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Robert Jenrick and Suella Braverman

Ross Kennedy comments in HR Magazine

Fines for businesses employing illegal migrants to triple

8 August 2023

Fines for businesses that knowingly employ illegal migrants are set to triple from their current rate at the start of 2024 following new rules announced by the government on 7 August.

Fines for first time offenders will rise from £15,000 to £45,000, whereas repeat offenders will face fees rising from £20,000 to £60,000.

Landlords who knowingly rent property to illegal migrants will face similar fine hikes.

The government also announced the Home Office will consult on how to strengthen action against licensed businesses who are employing illegal workers.

Minister for immigration Robert Jenrick said the move will deter small boat crossings.

In a statement, he said: “Making it harder for illegal migrants to work and operate in the UK is vital to deterring dangerous, unnecessary small boat crossings.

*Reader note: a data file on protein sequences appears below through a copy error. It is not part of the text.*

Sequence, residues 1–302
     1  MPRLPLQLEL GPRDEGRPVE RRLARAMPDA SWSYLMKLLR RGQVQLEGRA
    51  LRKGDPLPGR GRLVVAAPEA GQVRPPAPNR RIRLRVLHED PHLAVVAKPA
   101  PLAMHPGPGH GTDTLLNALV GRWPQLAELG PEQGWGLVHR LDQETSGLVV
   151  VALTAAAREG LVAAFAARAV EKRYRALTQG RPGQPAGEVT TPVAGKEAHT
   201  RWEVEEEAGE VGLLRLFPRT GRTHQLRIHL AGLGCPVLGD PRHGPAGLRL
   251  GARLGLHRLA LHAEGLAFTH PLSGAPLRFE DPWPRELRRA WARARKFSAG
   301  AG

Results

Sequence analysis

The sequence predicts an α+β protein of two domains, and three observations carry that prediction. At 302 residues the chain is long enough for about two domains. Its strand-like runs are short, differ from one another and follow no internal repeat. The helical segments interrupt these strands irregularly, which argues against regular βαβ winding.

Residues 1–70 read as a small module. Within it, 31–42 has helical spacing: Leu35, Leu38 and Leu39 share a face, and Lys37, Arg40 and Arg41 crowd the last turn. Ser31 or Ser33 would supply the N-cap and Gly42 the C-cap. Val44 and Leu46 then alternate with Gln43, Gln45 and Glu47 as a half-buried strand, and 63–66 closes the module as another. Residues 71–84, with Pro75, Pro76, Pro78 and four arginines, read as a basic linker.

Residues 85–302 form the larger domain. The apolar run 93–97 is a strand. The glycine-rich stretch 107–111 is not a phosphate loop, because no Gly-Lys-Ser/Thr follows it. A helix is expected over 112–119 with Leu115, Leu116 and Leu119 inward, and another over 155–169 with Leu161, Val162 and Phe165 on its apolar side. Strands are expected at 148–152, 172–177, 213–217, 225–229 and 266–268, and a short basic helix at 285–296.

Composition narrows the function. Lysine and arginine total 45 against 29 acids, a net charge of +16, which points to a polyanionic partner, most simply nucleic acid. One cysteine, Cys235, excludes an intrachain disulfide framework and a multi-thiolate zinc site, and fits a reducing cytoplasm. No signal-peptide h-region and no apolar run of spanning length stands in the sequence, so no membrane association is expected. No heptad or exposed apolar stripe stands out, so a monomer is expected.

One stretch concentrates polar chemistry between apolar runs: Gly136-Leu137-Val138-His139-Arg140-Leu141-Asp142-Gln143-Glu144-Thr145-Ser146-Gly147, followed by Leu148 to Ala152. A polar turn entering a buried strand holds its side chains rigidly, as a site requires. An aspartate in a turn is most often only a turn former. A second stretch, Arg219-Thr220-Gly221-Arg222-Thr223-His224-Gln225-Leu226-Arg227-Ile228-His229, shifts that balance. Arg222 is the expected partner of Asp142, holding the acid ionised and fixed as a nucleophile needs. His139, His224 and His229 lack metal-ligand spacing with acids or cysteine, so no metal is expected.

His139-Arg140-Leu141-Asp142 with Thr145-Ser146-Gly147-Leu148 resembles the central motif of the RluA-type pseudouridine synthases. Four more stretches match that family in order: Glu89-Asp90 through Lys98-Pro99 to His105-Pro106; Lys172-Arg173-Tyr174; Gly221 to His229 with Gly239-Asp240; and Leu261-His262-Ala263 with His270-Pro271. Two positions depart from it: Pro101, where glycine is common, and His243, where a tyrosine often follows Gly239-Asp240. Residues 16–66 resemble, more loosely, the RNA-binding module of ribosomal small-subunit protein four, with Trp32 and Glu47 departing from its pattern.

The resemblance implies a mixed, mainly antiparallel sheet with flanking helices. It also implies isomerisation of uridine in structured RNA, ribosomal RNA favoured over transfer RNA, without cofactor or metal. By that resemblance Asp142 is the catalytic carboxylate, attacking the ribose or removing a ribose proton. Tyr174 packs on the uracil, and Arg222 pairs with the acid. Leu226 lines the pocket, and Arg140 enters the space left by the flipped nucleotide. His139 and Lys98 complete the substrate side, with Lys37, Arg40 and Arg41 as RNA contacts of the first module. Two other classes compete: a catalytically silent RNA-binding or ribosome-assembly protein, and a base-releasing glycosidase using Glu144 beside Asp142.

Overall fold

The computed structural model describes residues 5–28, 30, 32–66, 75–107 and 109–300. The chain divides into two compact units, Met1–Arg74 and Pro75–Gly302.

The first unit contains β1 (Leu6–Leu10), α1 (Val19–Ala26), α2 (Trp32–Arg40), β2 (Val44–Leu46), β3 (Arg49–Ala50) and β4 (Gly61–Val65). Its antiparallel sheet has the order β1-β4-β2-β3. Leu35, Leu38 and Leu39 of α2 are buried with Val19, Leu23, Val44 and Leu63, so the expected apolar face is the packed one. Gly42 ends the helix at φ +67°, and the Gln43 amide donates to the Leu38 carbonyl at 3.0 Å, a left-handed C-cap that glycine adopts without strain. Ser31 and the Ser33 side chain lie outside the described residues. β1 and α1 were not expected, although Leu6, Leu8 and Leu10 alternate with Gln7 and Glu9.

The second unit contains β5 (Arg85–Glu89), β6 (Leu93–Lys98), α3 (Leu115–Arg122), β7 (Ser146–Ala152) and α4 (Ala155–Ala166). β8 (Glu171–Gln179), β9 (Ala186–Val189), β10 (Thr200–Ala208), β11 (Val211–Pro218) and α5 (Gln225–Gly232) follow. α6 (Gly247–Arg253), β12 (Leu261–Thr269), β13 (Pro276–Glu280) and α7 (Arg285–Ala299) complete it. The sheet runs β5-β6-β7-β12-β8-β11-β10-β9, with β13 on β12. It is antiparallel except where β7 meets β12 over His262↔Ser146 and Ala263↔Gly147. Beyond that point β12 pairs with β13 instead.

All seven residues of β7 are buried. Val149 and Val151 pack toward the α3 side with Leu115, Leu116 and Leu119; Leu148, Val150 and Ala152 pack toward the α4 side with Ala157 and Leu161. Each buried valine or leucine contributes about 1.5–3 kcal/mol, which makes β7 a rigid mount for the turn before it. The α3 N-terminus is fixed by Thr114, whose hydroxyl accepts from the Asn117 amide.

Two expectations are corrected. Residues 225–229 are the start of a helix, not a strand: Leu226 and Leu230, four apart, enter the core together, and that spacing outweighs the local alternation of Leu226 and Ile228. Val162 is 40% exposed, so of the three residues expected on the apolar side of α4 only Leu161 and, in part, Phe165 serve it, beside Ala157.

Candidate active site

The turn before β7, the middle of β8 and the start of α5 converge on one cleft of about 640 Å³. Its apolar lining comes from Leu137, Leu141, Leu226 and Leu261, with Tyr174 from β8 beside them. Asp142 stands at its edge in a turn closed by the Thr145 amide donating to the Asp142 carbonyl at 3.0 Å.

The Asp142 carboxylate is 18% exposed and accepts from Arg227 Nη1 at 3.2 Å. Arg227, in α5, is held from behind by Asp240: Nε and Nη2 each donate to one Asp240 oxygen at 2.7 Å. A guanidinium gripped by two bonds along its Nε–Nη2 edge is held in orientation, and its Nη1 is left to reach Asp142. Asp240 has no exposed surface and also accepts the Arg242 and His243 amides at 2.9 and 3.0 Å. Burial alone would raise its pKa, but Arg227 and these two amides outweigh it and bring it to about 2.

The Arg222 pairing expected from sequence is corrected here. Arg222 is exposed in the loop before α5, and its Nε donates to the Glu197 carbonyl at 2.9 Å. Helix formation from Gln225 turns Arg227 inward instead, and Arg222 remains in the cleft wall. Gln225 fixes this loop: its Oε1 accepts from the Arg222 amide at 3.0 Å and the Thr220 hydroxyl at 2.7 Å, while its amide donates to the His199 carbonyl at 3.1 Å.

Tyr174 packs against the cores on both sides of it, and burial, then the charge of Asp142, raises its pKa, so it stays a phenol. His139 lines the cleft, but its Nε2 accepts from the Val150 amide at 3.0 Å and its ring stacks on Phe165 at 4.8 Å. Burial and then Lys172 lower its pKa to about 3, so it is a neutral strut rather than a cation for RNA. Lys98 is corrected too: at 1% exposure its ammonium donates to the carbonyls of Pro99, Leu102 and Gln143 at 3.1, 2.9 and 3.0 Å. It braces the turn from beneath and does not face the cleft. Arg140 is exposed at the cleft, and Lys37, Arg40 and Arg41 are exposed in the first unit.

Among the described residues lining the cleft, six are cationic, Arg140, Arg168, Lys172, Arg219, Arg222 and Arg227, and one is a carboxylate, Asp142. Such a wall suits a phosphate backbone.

“Unscrupulous landlords and employers who allow illegal working and renting enable the business model of the evil people smugglers to continue.”

Ross Kennedy, senior client manager at Vanessa Ganguin Immigration Law, said the fines hikes are unlikely to tackle compliance problems.

Speaking to HR magazine, he said: “If checks are not being done already and an employer isn’t dissuaded by a risk of the already hefty £20,000 penalty, is £60,000 likely to do more, particularly if they consider the risk of it actually happening to be low?

“The government would be better off addressing the fall in enforcement – 911 penalties  in 2022 compared with 3,089 in 2016 – and then actually collecting those penalties.

“Increasing the risk is likely to be more effective than increasing the penalty.”

Kennedy also said the reforms will not deter small boat crossings.

He added: “Despite the immigration minister linking the changes to the small boats crossings, these changes don’t directly target the smugglers or those coming illegally, so may not act as the desired deterrent.

“They could make it more difficult for those here illegally to remain and support themselves, but may have little effect on the rogue employers or landlords.”